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Domiciliary visits by pharmacists may help to identify the care needs of isolated housebound patients, recent research reveals.

The study, published in the Research in Social and Administrative Pharmacy, evaluates the findings of pharmacist-led holistic domiciliary medicine use reviews. The researchers identified predominantly housebound patients ranging from 49 to 98 years of age taking multiple medications. A total of 12 community pharmacists visited and interviewed them.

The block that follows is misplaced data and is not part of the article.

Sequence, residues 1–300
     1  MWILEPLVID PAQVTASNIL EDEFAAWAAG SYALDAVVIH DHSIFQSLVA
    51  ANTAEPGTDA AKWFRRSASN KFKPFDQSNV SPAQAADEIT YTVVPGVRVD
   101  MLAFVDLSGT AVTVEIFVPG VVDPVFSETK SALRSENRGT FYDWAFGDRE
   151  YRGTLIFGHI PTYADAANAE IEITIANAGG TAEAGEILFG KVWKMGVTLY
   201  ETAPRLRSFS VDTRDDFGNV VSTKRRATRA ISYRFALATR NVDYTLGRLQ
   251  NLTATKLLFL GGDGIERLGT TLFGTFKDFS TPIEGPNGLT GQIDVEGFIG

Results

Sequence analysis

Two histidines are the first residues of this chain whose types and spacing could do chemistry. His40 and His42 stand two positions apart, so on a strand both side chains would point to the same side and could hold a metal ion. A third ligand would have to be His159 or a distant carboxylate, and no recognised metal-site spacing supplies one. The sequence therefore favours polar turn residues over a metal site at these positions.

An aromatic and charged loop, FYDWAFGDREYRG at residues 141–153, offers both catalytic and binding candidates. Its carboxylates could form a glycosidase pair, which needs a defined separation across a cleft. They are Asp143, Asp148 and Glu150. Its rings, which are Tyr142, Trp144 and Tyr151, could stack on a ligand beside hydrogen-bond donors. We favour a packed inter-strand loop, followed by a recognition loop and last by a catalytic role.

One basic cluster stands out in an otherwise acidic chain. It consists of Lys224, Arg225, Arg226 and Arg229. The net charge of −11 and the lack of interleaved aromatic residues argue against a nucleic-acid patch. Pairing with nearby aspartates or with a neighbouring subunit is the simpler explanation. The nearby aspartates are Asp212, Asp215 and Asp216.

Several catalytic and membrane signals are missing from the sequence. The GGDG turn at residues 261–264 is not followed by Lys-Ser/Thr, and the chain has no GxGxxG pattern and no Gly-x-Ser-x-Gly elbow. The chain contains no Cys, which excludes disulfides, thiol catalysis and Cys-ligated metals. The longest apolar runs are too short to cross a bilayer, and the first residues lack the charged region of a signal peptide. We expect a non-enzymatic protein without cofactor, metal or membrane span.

According to the survey results, nearly 40 per cent of patients had difficulties in taking their medication including lack of dexterity or difficulty in swallowing.

More than 26 per cent of diabetic patients lacked monitoring and 11.3 per cent identified with inadequate social care. More than14 per cent had a risk of falling.

“Continence, dehydration, hygiene and nutrition issues were found, often caused by mobility problems or a lack of suitable toilet facilities. A need for home modifications such as handrails to prevent falls was also identified,” the research report says.

“Domiciliary visits by pharmacists may be able to help identify the diverse care needs of isolated housebound patients helping to integrate their care requirements.”